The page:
The title above is from a recent cell phone carrier commercial. I like this commercial. It shows kids being asked to value which one is better “more or less?”. Of course the kids say “More!” This commercial is meant to highlight that using their carrier’s service is almost a “no brainer”, something kids could easily choose. In theory you would always choose something “better” if you knew for sure it was of higher value, but that assumes you can easily compare the value of things. In my experience, you rarely can. This is especially true when you introduce human needs into the equation. I won’t even try to discuss the complexity of selecting the right romantic mate for yourself. But, I’m sure you get the idea.
THE VALUE OF YOUR SERVICE
What is interesting to me is that there seems to be unspoken value judgments placed on service. I will call this the “more is better” valuation. This is the idea that the more people your service impacts the more value it has. For example, caring for your one baby does not have as much value as working to provide clean drinking water to thousands of people. Think about that for a moment. Please actually take a moment and a break from reading and decide if you agree with that statement. Does more lives impacted equal more valuable service? Most people never thought about it, but they feel it. They feel it in whose service they consider honorable and whose service they ignore. They feel it in what service impact they hope to leave as a legacy and what they think will be unimpressive. But you won’t find that thinking here.
You will find a challenge to serve deeply and more broadly when life allows. You will find a challenge to serve fully and to serve better. Then after you’ve served better there will be a challenge to serve better than that. Why? Because better is better, but know that any act of serve or any act of genuine caring and love will be valued here. Below is the a list of the five ways this blog will categorize service and encourage you to serve others. Some of you will spend an entire lifetime mainly in one category while others will find seasons of life for them all. I can almost guarantee you that you will not have the capacity to serve well in all five categories at once. So please don’t set that expectation for yourself. Nobody can serve all missions or in all categories so you will have to explore what is the right match for you. All you need right now is to decide that however and wherever you are serving today, you will serve better tomorrow. I plan to serve better tomorrow.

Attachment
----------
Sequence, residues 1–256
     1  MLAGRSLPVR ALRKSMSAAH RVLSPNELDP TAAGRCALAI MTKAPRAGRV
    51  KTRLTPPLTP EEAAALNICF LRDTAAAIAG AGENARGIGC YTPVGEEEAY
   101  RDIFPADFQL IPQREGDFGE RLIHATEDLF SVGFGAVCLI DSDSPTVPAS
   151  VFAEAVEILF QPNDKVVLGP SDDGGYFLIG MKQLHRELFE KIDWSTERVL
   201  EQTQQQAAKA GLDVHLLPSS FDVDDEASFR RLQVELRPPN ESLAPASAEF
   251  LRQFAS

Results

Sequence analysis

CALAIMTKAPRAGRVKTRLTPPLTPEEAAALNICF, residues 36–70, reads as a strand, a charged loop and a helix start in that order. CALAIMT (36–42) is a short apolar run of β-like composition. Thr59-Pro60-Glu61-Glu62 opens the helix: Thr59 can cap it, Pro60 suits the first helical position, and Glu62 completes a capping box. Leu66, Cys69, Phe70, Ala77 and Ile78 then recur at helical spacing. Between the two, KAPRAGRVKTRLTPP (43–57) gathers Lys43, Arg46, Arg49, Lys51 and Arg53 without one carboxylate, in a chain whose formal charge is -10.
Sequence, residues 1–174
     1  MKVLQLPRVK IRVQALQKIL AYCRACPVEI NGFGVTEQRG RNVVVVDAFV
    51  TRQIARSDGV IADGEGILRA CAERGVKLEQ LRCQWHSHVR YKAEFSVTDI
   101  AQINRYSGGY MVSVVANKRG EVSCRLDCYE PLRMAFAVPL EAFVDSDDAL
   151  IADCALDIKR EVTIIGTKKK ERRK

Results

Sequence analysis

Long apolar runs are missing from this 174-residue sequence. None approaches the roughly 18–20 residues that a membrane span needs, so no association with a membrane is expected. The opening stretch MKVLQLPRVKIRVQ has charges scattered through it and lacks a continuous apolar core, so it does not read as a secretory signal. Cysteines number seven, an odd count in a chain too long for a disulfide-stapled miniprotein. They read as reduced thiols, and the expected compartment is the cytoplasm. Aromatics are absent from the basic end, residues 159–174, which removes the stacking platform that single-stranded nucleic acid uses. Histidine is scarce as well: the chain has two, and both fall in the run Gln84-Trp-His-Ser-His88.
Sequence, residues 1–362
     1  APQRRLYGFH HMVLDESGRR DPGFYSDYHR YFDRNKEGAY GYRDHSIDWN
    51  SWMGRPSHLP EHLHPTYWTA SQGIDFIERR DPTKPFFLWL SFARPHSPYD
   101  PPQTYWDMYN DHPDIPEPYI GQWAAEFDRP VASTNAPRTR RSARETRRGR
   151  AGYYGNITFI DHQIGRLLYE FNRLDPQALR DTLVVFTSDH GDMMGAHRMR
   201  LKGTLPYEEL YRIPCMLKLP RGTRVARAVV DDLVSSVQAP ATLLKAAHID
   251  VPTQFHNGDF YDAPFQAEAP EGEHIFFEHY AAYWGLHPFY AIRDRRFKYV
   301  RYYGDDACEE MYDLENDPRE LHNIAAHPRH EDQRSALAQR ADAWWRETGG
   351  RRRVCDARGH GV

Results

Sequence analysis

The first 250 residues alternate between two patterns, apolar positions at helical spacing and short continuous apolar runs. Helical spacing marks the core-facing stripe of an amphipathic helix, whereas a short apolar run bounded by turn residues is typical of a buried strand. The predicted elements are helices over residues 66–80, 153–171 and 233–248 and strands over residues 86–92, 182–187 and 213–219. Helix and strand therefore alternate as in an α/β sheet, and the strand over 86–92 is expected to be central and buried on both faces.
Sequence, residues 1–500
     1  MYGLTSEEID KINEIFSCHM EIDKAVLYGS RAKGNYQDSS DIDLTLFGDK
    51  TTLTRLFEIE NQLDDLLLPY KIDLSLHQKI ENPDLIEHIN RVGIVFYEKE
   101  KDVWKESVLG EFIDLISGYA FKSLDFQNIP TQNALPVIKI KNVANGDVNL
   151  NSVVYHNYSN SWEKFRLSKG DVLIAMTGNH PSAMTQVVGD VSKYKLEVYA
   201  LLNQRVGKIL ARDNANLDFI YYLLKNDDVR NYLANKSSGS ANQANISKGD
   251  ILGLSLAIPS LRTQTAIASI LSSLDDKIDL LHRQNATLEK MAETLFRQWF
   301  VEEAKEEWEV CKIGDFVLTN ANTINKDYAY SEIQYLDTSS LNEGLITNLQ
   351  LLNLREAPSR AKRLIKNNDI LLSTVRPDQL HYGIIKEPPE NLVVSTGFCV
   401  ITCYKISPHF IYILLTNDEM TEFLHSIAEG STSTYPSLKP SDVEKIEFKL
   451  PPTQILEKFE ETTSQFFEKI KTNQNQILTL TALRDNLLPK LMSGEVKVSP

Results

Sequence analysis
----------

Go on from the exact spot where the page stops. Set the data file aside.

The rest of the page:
- Serving Personal Relationships: Giving time and energy to the people you know well and are emotionally invested in. You will have the deepest connection and impact with this group. This is worthy service.
- Serving Professional Relationships: Using your unique abilities to make a positive impact in the work environment. We spend a lot of our lives in our place of business and it’s a worthy place to serve, but one often overlooked.
- Serving Community: This is usually the first type of service that comes to mind. Efforts spent here can have immediate life changing benefits to those served. This is worthy service.
- Serving Country: There are those that serve their country directly (and their families serve along with them), but there are also a host of organizations and services that support the US military and those in foreign service. Further, there are many other ways that civilians can serve their country. They are all worthy service.
- Serving the World: This is about thinking beyond borders and addressing issues that affect mankind as a whole. This is doing your part to fight for global causes that have wide reaching impact. This is worthy service.
Feel passionate about a certain area, but not sure where to start? How are you focusing your area of service and has it changed over the years? Tell us about it. Serve on!